Best friend of Naval Academy freshman whose mother was killed shares heartbreaking note

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Thursday, July 1, 2021
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'I know he's hurting, but I'm here for him in every which way.' Listen to how close friends and the community are supporting the son of a woman killed on what should have been the happiest day of her family's lives.

HOUSTON, Texas (KTRK) -- The former teammate and best friend of Leonard "Trey" Cummings III, whose mother was killed in Maryland early Tuesday, says supporting Trey is his number one priority.

Marcus Moore, Jr. Trey's teammate at Westfield High School, was part of a senior parade in 2020 when their families celebrated the boys' acceptance to the United States Naval Academy in Annapolis.

FROM MAY 2020: Spring trio headed to Naval Academy honored with parade

Trey's mother, 57-year-old Michelle Cummings, was killed in a shooting while sitting on the patio of her Annapolis hotel. She and her husband were there to drop off Trey at the academy and attend his induction ceremony.

According to Annapolis police, two people, who were the intended targets of the shooting, were sitting in a parked SUV on a nearby street just after midnight Tuesday when shots were fired. They weren't hurt and have been interviewed by police.

However, Cummings, who was sitting on a hotel patio, was hit by a stray bullet and died.

Federal and state officials are offering a $22,000 reward for information leading to the killer.

On Wednesday, Moore shared a picture of he and Trey, along with a message.

"I love my brother with everything I got in me. Regardless of whatever happens, I'm going to be there for him and his family. I have went through plebe year at the academy so I know what to expect, and I'm going to make sure he gets through every rough patch and every bump in the road. He's been my brother since 6th grade and I played against him in little league football. He's one of my best friends. Mrs. Cummings has been my team mom since my 7th grade year and she was Trey's number one fan. If you know Trey, you know he's close with his mother. I know he's hurting, but I'm here for him in every which way. As soon as I heard, I came down to see about my boy, make sure he was good, stayed with him the whole day. Right now, he's my number one priority because if it was me, he will do the same and I love him."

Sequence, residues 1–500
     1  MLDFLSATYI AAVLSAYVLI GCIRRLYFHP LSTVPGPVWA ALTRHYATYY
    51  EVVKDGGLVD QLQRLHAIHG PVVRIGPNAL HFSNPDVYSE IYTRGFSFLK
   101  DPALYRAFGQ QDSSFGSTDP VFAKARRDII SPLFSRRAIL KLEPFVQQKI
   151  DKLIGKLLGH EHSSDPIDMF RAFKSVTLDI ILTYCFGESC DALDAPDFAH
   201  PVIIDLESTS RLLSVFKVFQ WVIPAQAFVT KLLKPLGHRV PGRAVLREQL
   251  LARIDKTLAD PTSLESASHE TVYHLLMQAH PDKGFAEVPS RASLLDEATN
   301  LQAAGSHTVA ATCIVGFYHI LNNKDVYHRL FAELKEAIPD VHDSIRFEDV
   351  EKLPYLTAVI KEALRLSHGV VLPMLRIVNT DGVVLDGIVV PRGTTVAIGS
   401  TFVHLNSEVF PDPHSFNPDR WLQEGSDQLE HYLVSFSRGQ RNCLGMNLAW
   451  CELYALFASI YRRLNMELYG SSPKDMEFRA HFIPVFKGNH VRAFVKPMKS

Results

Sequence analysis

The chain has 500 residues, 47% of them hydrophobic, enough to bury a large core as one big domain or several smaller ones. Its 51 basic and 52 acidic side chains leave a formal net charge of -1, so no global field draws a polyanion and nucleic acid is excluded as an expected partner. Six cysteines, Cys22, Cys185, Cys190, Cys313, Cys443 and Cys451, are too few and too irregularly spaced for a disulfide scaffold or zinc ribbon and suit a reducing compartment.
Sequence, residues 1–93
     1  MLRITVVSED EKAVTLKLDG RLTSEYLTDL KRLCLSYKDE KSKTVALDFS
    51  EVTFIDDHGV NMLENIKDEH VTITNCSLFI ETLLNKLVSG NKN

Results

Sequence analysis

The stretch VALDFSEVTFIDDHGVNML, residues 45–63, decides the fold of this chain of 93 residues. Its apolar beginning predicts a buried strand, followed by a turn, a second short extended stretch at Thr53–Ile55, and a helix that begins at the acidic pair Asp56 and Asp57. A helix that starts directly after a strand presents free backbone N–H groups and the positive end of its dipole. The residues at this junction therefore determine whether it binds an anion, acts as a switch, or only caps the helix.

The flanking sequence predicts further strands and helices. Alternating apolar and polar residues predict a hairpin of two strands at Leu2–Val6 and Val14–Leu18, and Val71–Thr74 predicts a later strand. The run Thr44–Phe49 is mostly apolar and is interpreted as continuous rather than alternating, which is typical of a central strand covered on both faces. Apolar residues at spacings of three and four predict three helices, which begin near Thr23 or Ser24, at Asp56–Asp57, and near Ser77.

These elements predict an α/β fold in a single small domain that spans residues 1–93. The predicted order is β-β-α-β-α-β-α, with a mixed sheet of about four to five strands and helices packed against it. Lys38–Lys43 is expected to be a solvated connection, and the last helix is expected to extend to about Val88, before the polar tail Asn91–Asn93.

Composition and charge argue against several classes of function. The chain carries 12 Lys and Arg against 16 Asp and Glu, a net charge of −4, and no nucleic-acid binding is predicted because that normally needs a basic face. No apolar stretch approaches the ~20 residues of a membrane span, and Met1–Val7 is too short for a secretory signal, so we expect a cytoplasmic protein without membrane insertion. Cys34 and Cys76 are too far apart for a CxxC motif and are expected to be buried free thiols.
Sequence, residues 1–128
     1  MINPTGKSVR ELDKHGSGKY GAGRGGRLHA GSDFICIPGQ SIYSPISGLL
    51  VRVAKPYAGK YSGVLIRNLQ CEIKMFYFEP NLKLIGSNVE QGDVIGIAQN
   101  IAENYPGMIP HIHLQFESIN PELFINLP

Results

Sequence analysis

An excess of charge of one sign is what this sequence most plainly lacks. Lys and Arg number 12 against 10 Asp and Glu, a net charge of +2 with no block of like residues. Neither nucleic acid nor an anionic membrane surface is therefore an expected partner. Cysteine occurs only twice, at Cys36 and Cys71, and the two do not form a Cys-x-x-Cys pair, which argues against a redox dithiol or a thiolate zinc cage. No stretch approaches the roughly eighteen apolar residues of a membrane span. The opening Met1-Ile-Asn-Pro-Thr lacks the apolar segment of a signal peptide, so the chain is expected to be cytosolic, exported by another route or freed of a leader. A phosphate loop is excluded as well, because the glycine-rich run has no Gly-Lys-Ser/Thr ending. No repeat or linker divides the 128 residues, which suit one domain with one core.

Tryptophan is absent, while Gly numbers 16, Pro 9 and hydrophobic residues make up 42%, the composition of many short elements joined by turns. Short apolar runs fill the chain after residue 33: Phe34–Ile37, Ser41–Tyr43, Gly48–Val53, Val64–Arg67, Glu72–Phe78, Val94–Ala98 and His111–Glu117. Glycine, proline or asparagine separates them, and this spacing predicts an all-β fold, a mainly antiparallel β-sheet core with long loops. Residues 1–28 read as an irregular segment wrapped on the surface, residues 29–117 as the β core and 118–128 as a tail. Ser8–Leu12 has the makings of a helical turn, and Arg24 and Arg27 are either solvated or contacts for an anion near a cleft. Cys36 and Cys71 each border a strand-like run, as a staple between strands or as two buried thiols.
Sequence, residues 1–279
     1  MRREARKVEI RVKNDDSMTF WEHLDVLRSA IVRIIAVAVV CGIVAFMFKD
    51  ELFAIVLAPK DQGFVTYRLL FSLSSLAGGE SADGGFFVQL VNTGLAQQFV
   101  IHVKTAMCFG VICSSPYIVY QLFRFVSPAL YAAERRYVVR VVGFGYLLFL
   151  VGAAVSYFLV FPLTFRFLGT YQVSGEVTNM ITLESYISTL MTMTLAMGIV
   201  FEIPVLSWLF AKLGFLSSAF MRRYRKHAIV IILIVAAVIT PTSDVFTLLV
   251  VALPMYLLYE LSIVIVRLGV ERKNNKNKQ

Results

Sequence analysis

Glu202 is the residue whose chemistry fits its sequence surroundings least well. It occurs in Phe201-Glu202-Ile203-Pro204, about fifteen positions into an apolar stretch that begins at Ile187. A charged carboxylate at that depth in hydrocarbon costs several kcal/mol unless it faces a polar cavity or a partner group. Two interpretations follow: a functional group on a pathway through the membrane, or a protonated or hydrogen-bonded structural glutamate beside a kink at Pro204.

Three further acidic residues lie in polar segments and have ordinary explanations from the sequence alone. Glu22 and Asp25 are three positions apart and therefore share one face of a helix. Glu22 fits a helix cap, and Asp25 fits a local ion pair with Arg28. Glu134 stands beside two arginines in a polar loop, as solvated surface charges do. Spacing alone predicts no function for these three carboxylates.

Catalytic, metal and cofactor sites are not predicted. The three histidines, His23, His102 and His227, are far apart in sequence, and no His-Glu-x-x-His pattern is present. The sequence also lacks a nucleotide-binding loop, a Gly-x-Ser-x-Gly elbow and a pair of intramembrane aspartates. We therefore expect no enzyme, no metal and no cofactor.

The Naval Academy gave Trey the option to defer, but he has chosen to go forward.

Trey is part of the Class of 2025. The freshmen, known as plebes, were dropped off by their parents and go through a check-in process, including learning to salute, hair cuts and medical exams.

The process begins what's known as plebe summer, which is six weeks of basic training.

Lt. Col. Todd McCarthy, officer in charge of plebe summer, told WJLA he admires Trey.

"I couldn't be prouder of that young man, and when I say that I speak for all the leadership, we are so proud of him. And of course our prayers and condolences go out to the family. It's an unthinkable tragedy," McCarthy said. "He has made the choice to stay here and join us for Plebe Summer so we're taking care of him in every way we can. The entire team, the entire Naval Academy family, surrounded him and we're doing everything we can for him."

Trey's former high school football team is also showing support, writing in a tweet, "We love you Ms Cummings, you'll truly be missed."

Understandably, Trey has not spoken publicly since his mother's death.

His last tweet was on Tuesday, the day she was killed. He wrote only one word, "Why?"

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